Living with anxiety is kind of like being on a rollercoaster blindfolded. You know those moments of adrenalin fuelled panic are coming, you just don’t know when, how bad they will be or how long they will last.
It’s something that a little under 10% of the UK population is forced to cope with on a day to day basis. That’s 6 million people who can feel, at any given moment, totally out of control of their emotions.
A feeling of anxiety itself is a natural part of our evolution. It’s that survival instinct that tells us something is wrong and it’s that intuition that allowed humanity to survive its turbulent early beginnings.
A hundred thousand years on and we’re no longer hunted by apex predators or forced to hunt for food and pelts to survive, but our core emotions haven’t changed.
The same cannot be said for the world around us. Humanity’s rate of innovation during last 100 years eclipses the 7,000 years before it and in many ways we are all struggling to keep up.
For all the technology and sophistication in our lives, our core emotions have remained utterly unchanged meaning we still feel those ‘fight or flight’ reactions to something as simple as an unpleasant email from an authority figure.
The ‘threats’ we perceive have become more benign but increased exponentially.
Everyone who suffers from severe anxiety will have different triggers. For some it’s becoming unwell. For others it can be low self-worth and public settings. The triggers are all but endless.
As are the causes.
Whilst you cannot be ‘cured’ of an anxiety disorder, there are ways and means of reducing the frequency and severity of anxiety attacks to your condition is managed.
One effective way of challenging anxious thoughts is to reflect on them. There is an important difference between reflection and internalisation. Internalising a problem puts you at the centre of it, reinforcing the view that you are the problem.
Reflection puts the focus of the anxiety front and centre, removing ‘you’ from the situation and gives the logical part of your brain the chance to come up for air.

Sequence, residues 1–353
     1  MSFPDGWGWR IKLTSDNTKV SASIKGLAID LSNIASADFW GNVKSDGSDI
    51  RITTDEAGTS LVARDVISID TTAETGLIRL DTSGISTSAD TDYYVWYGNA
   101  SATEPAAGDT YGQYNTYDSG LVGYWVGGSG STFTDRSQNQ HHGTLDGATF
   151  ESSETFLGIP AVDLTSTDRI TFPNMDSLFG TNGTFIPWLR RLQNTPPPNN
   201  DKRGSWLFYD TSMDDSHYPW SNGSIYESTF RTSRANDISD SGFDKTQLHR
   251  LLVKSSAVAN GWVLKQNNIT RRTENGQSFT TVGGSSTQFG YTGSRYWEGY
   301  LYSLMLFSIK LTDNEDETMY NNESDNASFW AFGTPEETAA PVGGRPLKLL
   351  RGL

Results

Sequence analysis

By breaking down the anxiety you will be in a position to reflect on it. The easiest way to do this is to write down it down.
What’s On Your Mind?
When you experience intense anxiety write down what triggered it, the emotions you’re feeling and what the unhelpful thoughts are going through your mind.
Go into as much detail as you feel you need to as the better you understand the anxiety the better you can work through it.
How Likely Is It?
Write down all the ‘facts’ that support the unhelpful thought or feeling.
By doing this you get to write down all your worst fears and your logical self will naturally start to critique each of these.
Next write down all the facts that provide evidence against the unhelpful thought or feeling.
The Alternative View
Using the evidence against the unhelpful thought you should be able to build a more reasonable, realistic and balanced perspective on what you initially felt.
You can then use this to challenge the anxious thought and change it to a positive.
Once you’ve written down the evidence against the unhelpful thoughts reassess your mood and anxiety levels.
Whilst it may not eliminate the anxiety altogether it will have hopefully reduced it. If that’s not the case then it’s worth repeating the steps again to really delve into greater detail.
Be really honest with yourself not only about evidence for your anxieties but the evidence against too.
The more you repeat this process the easier it will be to reflect on the anxiety and challenge the thoughts you are having.
Practise enough and you won’t even need to write it down any more, you will be able to recognise the unhelpful thought, challenge it and move forward.
Whilst not a magic wand – because nothing is – it’s a tool from your tool box that you can carry with you wherever you go.
All you need is a notebook and a pen or if you’re technically minded a spreadsheet app on your phone.
Encompass Dorset is a registered charity working to improve the lives of people living with learning disabilities and enduring mental health issues.
Learn more about Encompass and the work we do by clicking here.